FEBRUARY 2000 | VOL. 4, NO. 2
ANNIE L. CLARK FERREIRA, a linguist who works in Tewksbury, MA, is a contributing writer to Renaissance Online Magazine.
PETER S. CONRAD is a cartoonist and illustrator in Northern California.
TO BELIEVE OR NOT TO BELIEVE
Let's examine the "Kidney Snatcher" tale. A hapless traveler goes into the hotel/airport bar for a lonesome drink. A gorgeous (usually) woman offers to buy him that drink. He wakes up the next day in a tub of ice with a note saying "call 911 immediately if you want to live" taped to his body. He calls them, and because they are so familiar with this happening they know immediately that his kidneys have been removed, to be sold on the black market.
Except you've never seen an article about it, never heard about it on the news. If this were true, and 911 operators were well-versed in kidney-snatching, don't you think you would have heard about it in some format other than e-mail?
Many e-mails of the urban legend variety contain quotes from very real sounding people and organizations, even police and doctors. Many cite television news shows such as 20/20 or Extra!. But if you do a little research you find out that these people don't exist and 20/20 never did a piece on the alleged crime or legend. Another way to spot an urban legend is to look at the format of the mail. If the subject contains multiple exclamation points, and the body of the e-mail contains many words in all capital letters as well as myriad spelling and grammatical errors, this is a good indication that it is an urban legend or some other form of spam.
One recent legend describes a spider that hides under toilet seats and gives a lethal bite to the rear. The spider comes from South America, and bites people on planes and in airport restaurants. Dr. Beverly Johnson of the American Medical Society called it Arachneus Gluteus. Literally, butt spider. Except there's no American Medical Society, there's no Dr. Beverly Johnson and there's no butt spider. If you do a little research, you can use the Internet itself to verify that this tale is false.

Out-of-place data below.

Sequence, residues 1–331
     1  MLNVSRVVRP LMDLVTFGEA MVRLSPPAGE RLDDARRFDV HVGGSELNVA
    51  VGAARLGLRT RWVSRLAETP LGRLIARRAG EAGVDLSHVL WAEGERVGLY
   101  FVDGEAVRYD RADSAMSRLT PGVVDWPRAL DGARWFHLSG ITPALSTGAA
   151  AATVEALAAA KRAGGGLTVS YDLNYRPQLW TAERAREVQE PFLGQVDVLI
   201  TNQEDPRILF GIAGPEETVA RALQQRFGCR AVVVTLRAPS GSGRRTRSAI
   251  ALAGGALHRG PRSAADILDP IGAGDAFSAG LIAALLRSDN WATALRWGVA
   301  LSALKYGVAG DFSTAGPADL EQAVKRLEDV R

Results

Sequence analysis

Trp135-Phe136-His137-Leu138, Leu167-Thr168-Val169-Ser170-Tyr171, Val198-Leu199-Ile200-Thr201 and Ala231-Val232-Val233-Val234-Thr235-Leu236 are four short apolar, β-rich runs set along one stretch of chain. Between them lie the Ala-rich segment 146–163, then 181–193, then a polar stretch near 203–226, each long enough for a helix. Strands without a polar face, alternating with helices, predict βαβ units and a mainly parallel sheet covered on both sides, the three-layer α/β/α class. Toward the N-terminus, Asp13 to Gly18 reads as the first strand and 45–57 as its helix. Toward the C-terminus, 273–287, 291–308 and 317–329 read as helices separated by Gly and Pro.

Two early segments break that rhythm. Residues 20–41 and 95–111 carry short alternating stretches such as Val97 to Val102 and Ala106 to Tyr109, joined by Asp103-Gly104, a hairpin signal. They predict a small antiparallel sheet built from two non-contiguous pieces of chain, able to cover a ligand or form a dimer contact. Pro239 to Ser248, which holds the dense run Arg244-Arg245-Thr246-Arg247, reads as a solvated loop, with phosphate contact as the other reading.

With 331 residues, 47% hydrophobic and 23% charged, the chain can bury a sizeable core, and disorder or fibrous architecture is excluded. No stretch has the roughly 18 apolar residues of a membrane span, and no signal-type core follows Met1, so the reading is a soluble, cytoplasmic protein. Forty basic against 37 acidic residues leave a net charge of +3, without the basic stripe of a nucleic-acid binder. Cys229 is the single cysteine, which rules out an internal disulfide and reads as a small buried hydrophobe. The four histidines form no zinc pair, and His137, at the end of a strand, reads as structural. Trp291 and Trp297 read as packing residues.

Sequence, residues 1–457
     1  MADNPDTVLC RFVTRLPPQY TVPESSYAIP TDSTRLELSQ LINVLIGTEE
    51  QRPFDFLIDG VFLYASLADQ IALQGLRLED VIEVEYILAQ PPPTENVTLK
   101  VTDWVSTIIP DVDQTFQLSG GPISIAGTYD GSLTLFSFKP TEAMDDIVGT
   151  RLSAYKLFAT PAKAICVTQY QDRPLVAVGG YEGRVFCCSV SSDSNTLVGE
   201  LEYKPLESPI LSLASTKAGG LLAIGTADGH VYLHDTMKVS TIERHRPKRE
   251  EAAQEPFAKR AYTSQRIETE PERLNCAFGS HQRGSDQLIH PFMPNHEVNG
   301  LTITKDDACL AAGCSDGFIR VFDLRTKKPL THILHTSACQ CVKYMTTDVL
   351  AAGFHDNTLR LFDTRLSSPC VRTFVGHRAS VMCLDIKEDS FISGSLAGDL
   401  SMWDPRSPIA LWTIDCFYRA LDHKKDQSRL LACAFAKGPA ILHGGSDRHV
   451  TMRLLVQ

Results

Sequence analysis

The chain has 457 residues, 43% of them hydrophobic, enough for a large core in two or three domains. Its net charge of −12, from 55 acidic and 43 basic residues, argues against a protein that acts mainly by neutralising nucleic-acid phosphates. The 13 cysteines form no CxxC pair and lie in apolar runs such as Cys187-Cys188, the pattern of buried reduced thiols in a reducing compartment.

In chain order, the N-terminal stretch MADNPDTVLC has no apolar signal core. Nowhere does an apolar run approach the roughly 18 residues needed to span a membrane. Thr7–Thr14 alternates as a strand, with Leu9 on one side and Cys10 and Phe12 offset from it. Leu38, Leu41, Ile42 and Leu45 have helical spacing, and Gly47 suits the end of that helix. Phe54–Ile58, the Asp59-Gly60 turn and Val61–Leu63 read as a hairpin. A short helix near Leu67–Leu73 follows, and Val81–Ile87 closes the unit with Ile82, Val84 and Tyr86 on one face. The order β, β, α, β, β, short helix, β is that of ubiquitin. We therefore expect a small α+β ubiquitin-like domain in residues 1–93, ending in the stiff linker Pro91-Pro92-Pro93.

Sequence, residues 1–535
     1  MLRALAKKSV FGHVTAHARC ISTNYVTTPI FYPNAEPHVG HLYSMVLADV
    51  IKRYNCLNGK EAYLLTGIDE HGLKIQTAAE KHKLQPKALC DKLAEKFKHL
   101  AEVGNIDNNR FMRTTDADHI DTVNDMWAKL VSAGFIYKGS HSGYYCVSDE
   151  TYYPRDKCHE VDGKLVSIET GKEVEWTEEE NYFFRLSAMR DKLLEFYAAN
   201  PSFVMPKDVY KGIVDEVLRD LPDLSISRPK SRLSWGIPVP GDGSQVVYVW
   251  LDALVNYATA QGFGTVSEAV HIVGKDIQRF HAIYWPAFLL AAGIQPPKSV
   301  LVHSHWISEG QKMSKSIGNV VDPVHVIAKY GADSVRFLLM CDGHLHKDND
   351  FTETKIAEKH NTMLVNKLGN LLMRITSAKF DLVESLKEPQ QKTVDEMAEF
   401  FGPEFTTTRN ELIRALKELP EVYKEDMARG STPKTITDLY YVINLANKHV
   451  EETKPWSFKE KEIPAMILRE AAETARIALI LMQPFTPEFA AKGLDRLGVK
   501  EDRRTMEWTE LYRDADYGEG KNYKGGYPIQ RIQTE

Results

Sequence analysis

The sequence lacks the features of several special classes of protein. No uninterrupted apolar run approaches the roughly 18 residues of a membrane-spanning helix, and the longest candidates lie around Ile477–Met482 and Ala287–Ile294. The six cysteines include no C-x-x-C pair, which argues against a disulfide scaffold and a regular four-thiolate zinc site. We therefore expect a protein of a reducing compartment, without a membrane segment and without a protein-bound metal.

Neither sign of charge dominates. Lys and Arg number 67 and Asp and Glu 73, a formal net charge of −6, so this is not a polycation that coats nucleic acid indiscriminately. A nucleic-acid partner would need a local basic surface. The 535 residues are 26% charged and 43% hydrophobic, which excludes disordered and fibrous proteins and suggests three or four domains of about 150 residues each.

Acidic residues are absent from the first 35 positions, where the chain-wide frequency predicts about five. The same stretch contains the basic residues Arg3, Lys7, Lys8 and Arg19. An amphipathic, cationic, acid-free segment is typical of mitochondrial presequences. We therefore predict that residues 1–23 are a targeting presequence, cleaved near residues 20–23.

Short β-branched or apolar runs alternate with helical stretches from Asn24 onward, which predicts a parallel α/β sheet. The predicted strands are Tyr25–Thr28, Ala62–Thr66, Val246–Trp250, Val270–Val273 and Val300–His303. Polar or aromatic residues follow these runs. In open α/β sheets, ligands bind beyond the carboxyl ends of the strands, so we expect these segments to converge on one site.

Another form of urban legend preys upon another base human instinct: greed. These e-mails claim you can get a free car, free clothes from the Gap, or anywhere from $200 to $1 million just for forwarding this e-mail to as many people as you can. Except, if you check with your local computer expert or contact the Gap or Microsoft, you will find out that e-mail tracking to this extent does not exist, Gap is not going to give away free clothes, and Bill Gates is certainly not going to give you a million dollars just for forwarding an e-mail and annoying every one you know. Forward to your heart's content, spam everyone to tears, you will not get a free sweater.
Some legends pull at your heartstrings, telling you about the poor little boy who's dying of cancer and his dying wish is to clutter your mailboxes, and oh yeah, the American Lung Society will donate a penny for each e-mail forwarded. Do a little research, contact the ALS, and you'll find out that this is not true and that no such boy exists. Many e-mails of this type play on guilt, asking you to pray for the child and send it on to everyone else so they can pray too. Another version of this is the Missing Child e-mail, telling you about the kidnapped baby. Again, five minutes of research gives you the information that such child never was kidnapped, if such a child even exists.